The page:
Promoting the enjoyment, study, and conservation of Wisconsin's birds.

Wondering where all the Snowy Owls went? Join the club!
There has been an incredible drop-off in reports since the atypically large October influx. Roughly 87 Snowies had been tallied across 40 counties in Wisconsin by Nov. 30, but 65 of those came during the Oct. 15-31 period alone. Only a handful of new birds have been reported over the last several weeks. Moreover, repeat sightings of those early-arriving owls have been few. 

Combining these observations with a lack of many reports to our south (i.e. they didn't just fly by) and an uptick in reports of rehabbed and dead owls suggests that a high proportion of these birds, mostly juveniles hatched this summer, probably did not survive the journey and died of dehydration or starvation. While this is in strong contrast to many irruption years, including the last two, such high mortality is not unusual for any migratory bird species, let alone one with such a boom-and-bust breeding strategy.

 New reports of owls in seemingly better condition have come out of the northeastern U.S. and Northern Plains recently so what the weeks and months ahead have in store for us Wisconsinites is still a bit of a mystery.

Snowy Owls rank among the most charismatic wildlife species in the world. The heaviest of all North American owls, tipping the scales at 3 to 6 pounds, their bright white plumage, large yellow eyes, massive feathered feet, and diurnal tendencies appeal to even the most casual nature lover. Equally appealing to some are their unpredictable movement patterns and the remote artic wilderness they represent.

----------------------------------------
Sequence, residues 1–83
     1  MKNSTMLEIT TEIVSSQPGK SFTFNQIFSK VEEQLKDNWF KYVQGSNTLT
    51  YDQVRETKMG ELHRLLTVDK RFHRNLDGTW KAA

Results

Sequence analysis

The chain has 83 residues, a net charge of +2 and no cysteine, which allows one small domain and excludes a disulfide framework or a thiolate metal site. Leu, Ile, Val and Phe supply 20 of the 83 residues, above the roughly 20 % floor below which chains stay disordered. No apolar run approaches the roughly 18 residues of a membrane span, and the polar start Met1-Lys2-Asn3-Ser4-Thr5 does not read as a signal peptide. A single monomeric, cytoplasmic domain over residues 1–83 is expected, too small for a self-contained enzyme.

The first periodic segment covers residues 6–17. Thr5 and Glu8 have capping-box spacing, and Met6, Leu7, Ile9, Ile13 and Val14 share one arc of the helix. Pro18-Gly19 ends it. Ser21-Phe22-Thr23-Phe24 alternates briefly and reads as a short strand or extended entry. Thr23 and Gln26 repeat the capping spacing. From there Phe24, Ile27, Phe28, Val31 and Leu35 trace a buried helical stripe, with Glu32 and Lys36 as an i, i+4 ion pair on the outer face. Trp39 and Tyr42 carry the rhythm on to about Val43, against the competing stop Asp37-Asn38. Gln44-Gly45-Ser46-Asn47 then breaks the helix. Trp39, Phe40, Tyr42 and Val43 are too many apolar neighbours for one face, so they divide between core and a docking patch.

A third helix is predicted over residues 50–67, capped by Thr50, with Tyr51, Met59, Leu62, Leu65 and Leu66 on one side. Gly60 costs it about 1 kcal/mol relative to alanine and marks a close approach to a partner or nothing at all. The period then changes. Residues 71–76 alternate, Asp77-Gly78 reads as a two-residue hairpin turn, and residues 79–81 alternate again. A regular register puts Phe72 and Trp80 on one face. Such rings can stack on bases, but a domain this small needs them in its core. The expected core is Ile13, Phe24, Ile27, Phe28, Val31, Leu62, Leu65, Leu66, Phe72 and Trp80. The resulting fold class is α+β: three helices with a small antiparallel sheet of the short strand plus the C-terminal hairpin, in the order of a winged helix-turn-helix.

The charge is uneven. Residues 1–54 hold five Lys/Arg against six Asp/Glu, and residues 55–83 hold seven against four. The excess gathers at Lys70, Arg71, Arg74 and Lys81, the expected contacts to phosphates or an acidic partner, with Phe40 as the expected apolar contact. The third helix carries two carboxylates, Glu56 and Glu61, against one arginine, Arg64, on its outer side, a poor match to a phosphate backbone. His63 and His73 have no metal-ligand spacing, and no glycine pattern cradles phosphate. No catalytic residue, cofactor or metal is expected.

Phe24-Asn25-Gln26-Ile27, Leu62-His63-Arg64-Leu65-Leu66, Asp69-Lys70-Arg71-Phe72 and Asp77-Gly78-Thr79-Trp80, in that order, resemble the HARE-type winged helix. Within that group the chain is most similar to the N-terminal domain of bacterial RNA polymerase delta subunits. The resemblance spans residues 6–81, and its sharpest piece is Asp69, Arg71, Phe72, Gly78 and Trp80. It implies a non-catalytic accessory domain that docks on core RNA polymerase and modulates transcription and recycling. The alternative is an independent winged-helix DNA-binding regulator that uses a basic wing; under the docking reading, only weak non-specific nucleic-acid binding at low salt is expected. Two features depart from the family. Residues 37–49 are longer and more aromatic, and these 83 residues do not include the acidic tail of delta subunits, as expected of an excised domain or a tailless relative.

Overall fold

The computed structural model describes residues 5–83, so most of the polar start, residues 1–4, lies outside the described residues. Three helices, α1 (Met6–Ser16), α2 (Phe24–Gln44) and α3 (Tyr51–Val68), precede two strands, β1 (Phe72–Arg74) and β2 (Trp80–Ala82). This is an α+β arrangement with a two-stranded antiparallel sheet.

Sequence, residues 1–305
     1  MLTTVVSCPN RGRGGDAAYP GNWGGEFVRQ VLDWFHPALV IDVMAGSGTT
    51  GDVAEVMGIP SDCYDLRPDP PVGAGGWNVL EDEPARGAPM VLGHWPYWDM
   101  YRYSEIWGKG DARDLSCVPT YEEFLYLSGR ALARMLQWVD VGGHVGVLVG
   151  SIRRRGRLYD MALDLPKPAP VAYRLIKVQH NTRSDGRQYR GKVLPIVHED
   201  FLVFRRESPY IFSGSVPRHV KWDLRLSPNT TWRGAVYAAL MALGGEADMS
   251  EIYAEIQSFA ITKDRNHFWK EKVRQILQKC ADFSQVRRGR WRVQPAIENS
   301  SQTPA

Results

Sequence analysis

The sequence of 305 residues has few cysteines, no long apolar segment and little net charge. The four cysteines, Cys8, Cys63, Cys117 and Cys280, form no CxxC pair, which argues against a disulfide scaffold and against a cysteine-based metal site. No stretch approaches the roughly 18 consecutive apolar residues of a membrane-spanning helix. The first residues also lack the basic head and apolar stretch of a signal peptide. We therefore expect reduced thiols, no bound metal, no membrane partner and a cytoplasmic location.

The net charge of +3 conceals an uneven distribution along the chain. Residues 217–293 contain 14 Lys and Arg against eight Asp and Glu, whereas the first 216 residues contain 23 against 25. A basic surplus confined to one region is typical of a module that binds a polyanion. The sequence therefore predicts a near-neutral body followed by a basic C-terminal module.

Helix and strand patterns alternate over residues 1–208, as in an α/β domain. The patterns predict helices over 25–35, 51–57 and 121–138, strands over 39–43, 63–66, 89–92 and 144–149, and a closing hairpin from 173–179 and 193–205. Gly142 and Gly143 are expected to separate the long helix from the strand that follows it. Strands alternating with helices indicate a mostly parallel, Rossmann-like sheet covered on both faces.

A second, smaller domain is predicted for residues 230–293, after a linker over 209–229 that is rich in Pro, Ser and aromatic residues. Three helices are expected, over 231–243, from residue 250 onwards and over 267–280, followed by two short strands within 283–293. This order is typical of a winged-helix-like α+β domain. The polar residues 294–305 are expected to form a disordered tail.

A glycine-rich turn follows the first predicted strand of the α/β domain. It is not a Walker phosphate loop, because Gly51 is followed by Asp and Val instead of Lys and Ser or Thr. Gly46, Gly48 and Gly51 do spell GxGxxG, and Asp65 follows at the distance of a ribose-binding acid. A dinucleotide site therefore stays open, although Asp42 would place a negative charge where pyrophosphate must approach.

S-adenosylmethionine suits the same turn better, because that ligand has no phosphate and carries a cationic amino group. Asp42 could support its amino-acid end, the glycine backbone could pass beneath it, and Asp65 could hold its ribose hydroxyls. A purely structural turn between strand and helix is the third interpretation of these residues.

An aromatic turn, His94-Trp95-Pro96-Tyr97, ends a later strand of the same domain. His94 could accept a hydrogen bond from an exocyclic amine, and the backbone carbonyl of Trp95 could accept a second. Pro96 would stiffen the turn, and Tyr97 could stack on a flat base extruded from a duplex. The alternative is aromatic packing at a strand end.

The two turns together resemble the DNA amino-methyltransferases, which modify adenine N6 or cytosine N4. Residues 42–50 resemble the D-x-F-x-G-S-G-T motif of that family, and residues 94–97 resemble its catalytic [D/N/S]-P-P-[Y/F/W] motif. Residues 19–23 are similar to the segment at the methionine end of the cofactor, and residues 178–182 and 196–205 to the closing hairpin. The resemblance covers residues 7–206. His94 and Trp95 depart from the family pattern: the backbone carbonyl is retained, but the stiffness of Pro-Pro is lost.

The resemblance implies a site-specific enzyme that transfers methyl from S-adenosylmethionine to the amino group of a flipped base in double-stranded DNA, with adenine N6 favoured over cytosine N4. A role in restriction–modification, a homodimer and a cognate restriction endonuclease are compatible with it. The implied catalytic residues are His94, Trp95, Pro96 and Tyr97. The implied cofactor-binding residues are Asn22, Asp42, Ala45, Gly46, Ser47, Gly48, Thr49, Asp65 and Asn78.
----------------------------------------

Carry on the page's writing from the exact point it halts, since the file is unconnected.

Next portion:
As their name suggests, Snowy Owls are generally a northern species, nesting worldwide on the treeless tundra above the Artic Circle. During a typical winter, some remain close to their breeding areas while others head south into southern Canada and the northern United States. At least small numbers reach Wisconsin each year. Every handful of years, however, large numbers move into the state, an event known as an "irruption".

Amazingly, 2015-2016 marks the third consecutive year, and fourth out of the last five, that has featured an irruption of Snowy Owls in Wisconsin during the winter months. This year's birds first arrived on October 15th, a full two-to-four weeks earlier than most years, with the proportion arriving in poor body condition notably higher this year. Many of the early birds showed up in locations even more odd than usual for Snowy Owls and allowed extremely close approach. The total of 87 so far this year compares with 76 as of this date last year and 22 in 2013.

Observers are asked to give the birds some extra space to help ensure their survival. Those owls that are truly weak, lethargic, and/or cannot fly may benefit from intervention. If you think an owl may be sick or injured, contact your local DNR office or wildlife rehabilitator for assistance. 

Observers are also asked to report sightings of Snowies to Wisconsin eBird.

To help those interested in learning more about Snowy Owls, the DNR has created a new web page with helpful information, including periodic species updates and viewing pages. For more information: WI DNR Snowy Owls. 


Ryan Brady, Bird Monitoring Coordinator for the Wisconsin Bird Conservation Initiative